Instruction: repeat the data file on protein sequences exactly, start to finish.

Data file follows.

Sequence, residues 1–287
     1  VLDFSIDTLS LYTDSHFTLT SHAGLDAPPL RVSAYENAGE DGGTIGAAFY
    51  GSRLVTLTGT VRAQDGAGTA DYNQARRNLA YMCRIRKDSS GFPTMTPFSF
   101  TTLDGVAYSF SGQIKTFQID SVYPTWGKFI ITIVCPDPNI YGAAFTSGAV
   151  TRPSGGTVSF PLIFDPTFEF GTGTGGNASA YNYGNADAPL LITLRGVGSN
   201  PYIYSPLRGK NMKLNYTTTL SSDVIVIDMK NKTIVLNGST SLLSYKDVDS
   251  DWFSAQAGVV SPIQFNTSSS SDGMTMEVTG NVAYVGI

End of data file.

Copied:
Sequence, residues 1–287
     1  VLDFSIDTLS LYTDSHFTLT SHAGLDAPPL RVSAYENAGE DGGTIGAAFY
    51  GSRLVTLTGT VRAQDGAGTA DYNQARRNLA YMCRIRKDSS GFPTMTPFSF
   101  TTLDGVAYSF SGQIKTFQID SVYPTWGKFI ITIVCPDPNI YGAAFTSGAV
   151  TRPSGGTVSF PLIFDPTFEF GTGTGGNASA YNYGNADAPL LITLRGVGSN
   201  PYIYSPLRGK NMKLNYTTTL SSDVIVIDMK NKTIVLNGST SLLSYKDVDS
   251  DWFSAQAGVV SPIQFNTSSS SDGMTMEVTG NVAYVGI